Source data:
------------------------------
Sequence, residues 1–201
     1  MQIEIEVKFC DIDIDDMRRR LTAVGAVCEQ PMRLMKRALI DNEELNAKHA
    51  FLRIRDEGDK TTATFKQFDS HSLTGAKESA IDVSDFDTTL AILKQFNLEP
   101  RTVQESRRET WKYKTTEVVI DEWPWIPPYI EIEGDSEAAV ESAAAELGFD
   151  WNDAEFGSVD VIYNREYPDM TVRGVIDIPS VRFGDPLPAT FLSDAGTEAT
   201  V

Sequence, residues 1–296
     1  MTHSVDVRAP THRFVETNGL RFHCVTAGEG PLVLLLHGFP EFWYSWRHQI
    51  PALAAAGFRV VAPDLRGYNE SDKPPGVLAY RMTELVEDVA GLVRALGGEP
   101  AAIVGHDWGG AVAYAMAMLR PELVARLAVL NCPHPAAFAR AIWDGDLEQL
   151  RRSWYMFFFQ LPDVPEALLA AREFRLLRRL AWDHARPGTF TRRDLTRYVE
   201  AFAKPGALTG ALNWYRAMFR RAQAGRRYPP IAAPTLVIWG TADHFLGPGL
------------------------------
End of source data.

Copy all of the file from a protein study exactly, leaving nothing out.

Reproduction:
Sequence, residues 1–201
     1  MQIEIEVKFC DIDIDDMRRR LTAVGAVCEQ PMRLMKRALI DNEELNAKHA
    51  FLRIRDEGDK TTATFKQFDS HSLTGAKESA IDVSDFDTTL AILKQFNLEP
   101  RTVQESRRET WKYKTTEVVI DEWPWIPPYI EIEGDSEAAV ESAAAELGFD
   151  WNDAEFGSVD VIYNREYPDM TVRGVIDIPS VRFGDPLPAT FLSDAGTEAT
   201  V

Sequence, residues 1–296
     1  MTHSVDVRAP THRFVETNGL RFHCVTAGEG PLVLLLHGFP EFWYSWRHQI
    51  PALAAAGFRV VAPDLRGYNE SDKPPGVLAY RMTELVEDVA GLVRALGGEP
   101  AAIVGHDWGG AVAYAMAMLR PELVARLAVL NCPHPAAFAR AIWDGDLEQL
   151  RRSWYMFFFQ LPDVPEALLA AREFRLLRRL AWDHARPGTF TRRDLTRYVE
   201  AFAKPGALTG ALNWYRAMFR RAQAGRRYPP IAAPTLVIWG TADHFLGPGL